Between the summer of 1995 and the winter of 2005, I wrote dozens of features and reviews for Keyboard magazine. I was even listed as a Contributing Editor for many years, and I balanced covering more high profile artists like Tori Amos and Type O Negative with indie bands such as Collide and Black Tape For A Blue Girl (which I believe was my very first feature). Prog rock stalwarts Porcupine Tree fell in the middle being a major label group with a substantial cult following. They entered a heavier rock phase with In Absentia in 2002 which continued with their eighth studio album Deadwing in 2005. I recall visiting frontman Steven Wilson one afternoon as he mastered part of this latter release.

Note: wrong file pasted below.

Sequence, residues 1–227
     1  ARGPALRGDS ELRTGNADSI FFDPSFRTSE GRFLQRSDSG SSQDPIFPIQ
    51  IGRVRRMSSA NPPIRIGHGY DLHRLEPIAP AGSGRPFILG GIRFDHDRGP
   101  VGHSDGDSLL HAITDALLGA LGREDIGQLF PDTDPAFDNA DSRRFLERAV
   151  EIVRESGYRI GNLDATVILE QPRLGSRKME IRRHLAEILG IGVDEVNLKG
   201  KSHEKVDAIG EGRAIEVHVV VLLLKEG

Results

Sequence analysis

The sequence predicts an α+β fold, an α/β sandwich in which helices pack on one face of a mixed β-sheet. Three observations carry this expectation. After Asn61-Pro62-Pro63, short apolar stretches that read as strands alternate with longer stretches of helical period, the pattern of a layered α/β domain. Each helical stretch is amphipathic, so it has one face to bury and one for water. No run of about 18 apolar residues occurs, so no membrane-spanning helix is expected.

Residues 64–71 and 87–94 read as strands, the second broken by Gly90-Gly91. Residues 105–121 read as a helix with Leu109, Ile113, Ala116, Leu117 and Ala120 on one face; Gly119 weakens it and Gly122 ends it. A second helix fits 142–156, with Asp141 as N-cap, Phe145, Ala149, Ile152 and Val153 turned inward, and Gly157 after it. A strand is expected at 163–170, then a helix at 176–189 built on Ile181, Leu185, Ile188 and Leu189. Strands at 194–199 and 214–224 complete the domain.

For this story on P-Tree in Keyboard, I interviewed keyboardist Richard Barbieri (pictured below, at left). Not only had he been a member of the group for over two decades, but he spent seven years with David Sylvian in pioneering pop group Japan starting in 1975. He had also just released his first solo album called Things Buried, so we had plenty to talk about. This Keyboard feature arrived 16 years ago this month, and it would be my final feature for them. (By this point, I was shifting a lot more into writing about film, television, and theater.)
I fondly recall my earlier years when more of my assignments fell in the print magazine domain, when issues had larger page counts, and when you could more easily write about artists who were not very mainstream or, on the internet side, clickbait fodder. Good times. Enjoy!